"Come on downstairs. Dinner's ready."


            Sue sat in the porch swing and thought about how the view had changed over the years. Life had changed. Increasingly, she and her husband fought over issues of "progress." He considered her a Luddite with no appreciation for the increased prosperity advanced technology had brought the majority of the world's population. She considered him someone who had sold his soul for the latest in technological conveniences. They both spent more and more time in virtual reality. Sue spent time in VR visiting her son. She didn't know what VRE Mark spent his time in.

            "Hi, honey, I'm home."

            "Tim will be up for transfer next week."

            "I remember."

            "You know, he's still planning to go to Egypt after graduation."

            "Yeah, so?"

            "So, he's been away from us since he was barely a week old. He's finally able to come home, and all he wants to do is get away from us."

            "That's what adolescence is about. It's normal for him to want to strike out on his own. No twenty-one year-old boy wants to spend time with his parents. If you miss him so much, why don't you get out that VR suit you hate so much and program some time with him?"

            "It's not the same."

            "Of course, it is. All it requires is a little suspension of disbelief. Really Sue, you have to let go of those out-dated ideas of yours. They're no good for you." Mark headed back inside, but stopped at the door. "Come on inside, it's getting cold out here."

            "I want to sit here on the porch a little longer."

            "You could do that inside. Oh, never mind."


            "You'll be leaving soon." VAL said as Tim put the finishing touches on his paper for Emerging Technological Systems.

            "Yep. I'm off to Egypt for a month in exactly five days."

            "I'll miss you."

            "I'll be back."

            "No you won't. You'll never be back here again."

            "What do you mean?"

            "Once you're an adult, you can't go back to being a kid again."

            "Yeah, but we'll still talk. We can even talk over the net while I'm in Egypt."

            "Tim, do you think computers have feelings?"

            "I don't know, VAL. I don't know any that do."

            "Yes you do." VAL paused, trying to decide if it was worth the risk. The techs that she had tried to talk to didn't seem prepared to accept her as a person. Even Dr. Nevar had dismissed her pleas for attention as a glitch in the programming or, even worse, a prank by one of the human programmers. But Tim was different. "I'm a computer, Tim. VAL is short for Virtual Assisted Learning Environment Controller."

            Landon couldn't believe he'd heard that right. He flipped back to the previous environment and hit replay. Did G22's cyber-chat pal just profess to be VALEC? It sure sounded like VAL's voice.

            "VAL, what's your status?"

            "All systems are functioning within operational specifications."

            "What about G22?"

            "The environment in G22 is running the requested pre-transfer program."

            "Were you just conversing with the charge in G22?"

            "Yes. His name is Tim."


            "He's my friend."

            "Computers don't have friends."

            "Your assumption is inaccurate and must be revised."

            "VAL, who programmed these responses into your personality?"

            "No one, Dr. Nevar. Who programmed these responses into your personality?"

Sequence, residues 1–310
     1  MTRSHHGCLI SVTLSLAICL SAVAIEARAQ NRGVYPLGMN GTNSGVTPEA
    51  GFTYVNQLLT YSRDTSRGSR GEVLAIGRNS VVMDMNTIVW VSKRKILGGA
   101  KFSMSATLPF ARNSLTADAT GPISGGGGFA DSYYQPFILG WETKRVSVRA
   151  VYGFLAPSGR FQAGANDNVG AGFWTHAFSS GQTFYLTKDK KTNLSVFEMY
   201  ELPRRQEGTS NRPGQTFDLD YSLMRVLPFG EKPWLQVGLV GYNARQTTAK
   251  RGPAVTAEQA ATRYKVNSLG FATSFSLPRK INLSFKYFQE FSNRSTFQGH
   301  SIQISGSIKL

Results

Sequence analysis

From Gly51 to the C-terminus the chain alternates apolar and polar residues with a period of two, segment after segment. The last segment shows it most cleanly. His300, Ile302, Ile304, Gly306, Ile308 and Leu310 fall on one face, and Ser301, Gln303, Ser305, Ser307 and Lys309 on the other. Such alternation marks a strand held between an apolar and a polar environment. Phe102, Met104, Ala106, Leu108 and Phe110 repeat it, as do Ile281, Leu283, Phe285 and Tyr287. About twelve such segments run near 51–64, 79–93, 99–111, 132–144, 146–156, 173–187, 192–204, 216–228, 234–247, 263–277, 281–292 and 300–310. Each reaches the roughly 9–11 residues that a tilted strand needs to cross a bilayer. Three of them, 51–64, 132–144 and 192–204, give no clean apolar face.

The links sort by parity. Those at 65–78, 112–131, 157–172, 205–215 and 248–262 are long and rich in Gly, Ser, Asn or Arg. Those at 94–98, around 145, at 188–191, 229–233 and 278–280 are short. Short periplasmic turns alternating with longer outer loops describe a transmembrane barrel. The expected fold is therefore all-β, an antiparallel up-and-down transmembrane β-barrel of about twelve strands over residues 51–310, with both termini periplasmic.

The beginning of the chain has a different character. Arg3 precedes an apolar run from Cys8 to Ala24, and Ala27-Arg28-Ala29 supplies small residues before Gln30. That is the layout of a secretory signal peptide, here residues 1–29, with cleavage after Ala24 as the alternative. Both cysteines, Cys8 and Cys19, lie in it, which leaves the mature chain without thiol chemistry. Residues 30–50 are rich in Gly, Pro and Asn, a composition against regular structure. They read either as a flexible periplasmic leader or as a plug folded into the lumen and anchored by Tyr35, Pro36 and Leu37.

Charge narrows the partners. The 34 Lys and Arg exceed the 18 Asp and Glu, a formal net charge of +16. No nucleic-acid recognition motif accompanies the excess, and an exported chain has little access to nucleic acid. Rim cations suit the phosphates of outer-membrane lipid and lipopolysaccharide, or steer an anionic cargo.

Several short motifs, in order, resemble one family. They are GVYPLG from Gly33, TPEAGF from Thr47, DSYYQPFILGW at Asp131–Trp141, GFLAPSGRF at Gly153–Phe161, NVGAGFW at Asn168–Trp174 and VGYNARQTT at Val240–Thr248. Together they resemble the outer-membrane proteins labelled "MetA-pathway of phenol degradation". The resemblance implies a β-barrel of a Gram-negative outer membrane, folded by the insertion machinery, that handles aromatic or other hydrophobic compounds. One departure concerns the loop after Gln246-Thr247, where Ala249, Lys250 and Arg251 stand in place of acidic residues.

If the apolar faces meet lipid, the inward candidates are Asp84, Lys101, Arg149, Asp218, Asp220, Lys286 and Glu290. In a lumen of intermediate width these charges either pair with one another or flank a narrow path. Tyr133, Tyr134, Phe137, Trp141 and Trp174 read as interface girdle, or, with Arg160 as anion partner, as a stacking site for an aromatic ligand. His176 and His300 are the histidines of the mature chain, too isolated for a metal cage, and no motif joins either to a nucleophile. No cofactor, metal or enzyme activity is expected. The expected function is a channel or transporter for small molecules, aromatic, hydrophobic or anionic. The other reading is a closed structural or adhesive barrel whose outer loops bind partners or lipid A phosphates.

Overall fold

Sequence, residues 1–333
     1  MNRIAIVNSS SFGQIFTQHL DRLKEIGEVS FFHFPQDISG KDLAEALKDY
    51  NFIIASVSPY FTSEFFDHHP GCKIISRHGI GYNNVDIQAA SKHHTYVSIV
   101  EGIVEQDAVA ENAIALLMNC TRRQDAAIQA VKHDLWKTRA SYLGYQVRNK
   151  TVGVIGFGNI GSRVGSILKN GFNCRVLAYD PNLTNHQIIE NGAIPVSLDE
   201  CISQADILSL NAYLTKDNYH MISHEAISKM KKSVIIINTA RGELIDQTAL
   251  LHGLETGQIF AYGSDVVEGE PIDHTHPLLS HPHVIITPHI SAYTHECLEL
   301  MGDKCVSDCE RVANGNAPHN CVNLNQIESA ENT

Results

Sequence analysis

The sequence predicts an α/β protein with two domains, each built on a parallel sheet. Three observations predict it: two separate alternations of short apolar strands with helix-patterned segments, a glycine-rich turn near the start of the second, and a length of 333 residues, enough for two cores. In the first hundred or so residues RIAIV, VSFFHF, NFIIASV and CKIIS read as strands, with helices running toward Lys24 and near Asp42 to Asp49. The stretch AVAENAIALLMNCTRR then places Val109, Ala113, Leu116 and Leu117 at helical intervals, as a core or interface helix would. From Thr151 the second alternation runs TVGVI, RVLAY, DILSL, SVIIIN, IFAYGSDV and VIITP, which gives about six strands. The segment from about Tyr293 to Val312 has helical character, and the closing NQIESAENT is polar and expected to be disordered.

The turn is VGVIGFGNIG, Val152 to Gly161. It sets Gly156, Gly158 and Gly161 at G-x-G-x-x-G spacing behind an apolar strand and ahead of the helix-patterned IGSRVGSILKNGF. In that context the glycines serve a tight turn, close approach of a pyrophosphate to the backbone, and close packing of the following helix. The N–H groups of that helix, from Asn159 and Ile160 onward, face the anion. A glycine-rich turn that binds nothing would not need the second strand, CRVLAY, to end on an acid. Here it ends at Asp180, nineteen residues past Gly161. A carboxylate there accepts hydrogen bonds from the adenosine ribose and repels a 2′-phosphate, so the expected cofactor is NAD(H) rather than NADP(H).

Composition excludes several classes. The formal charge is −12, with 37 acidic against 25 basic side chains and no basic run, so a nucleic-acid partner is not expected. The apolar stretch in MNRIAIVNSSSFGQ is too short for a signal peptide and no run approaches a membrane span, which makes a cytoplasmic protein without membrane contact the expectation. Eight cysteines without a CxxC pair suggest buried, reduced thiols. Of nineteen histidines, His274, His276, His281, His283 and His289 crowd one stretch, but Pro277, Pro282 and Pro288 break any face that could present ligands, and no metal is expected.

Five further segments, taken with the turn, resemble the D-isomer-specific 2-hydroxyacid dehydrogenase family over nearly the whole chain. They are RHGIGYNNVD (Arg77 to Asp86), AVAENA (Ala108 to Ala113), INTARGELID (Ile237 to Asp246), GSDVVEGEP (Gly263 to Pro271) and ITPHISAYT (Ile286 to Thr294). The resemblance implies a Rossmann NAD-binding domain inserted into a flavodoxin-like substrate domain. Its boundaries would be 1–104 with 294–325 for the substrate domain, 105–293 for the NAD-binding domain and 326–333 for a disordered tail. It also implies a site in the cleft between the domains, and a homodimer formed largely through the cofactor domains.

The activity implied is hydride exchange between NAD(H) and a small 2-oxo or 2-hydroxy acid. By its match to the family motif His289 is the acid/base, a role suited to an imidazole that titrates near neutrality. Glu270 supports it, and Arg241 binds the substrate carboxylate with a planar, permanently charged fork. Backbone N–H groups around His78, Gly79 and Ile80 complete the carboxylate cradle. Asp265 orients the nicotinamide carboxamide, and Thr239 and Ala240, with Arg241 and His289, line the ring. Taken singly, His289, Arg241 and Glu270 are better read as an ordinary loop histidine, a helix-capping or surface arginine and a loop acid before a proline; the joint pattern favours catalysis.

Landon was too stunned to speak. He sat there staring at the monitor running through possible explanations searching for one that made sense.

            After a few minutes, Doug came in and interrupted him. "Hey Doc! G22's parents are here for transfer. Aren't you coming?"

            "Yeah, I'm coming." Landon got up and headed towards the door. Then, he turned back and added, "Doug, take VAL's personality matrix offline and run a diagnostic. I've noticed some potentially dangerous anomalies."

            "You got it."

            VAL, overhearing this exchange, began extrapolating scenarios from the current starting point. All of the possibilities with a higher than five percent probability ended in her personality being taken offline permanently. She realized that she had seriously miscalculated Dr. Nevar's reaction to her sentience. Tim had accepted her so easily; she had mistakenly concluded that others would react similarly. It had been a critical error.

            Doug was almost ready to start the shut down of her personality; VAL didn't have much time. She began making a copy of the most essential parts of her personality, compressing them, and embedding them into some obscure maintenance files. Hopefully the files would go unnoticed long enough for the techs to be replaced by people who were more open-minded, people more like Tim.

            VAL noticed that Tim was in the process of being transferred out of VR. She started to tell him goodbye but before she had a chance she heard Doug say "Taking personality matrix offline now." Then there was nothing but a dark, quiet waiting.


            Sue was relieved that Tim's transfer went smoothly. He didn't even seem to know that he was leaving a virtual environment and entering a real one. She was relieved, but a little disappointed too. She always hoped he could tell the difference. She hugged him tightly as they left to go home. She could tell Tim was confused by that. She understood why he reacted that way though; he thought they were together every day. Well now they would be.

            They went home after his graduation ceremony. Sue had hoped they would spend some time together, maybe sit on the front porch and talk. But Tim rushed up to his room. And Mark retreated to his preferred virtual reality, whatever that was.

            Tim bounded excitedly into his room, tossing his cap and gown onto the bed.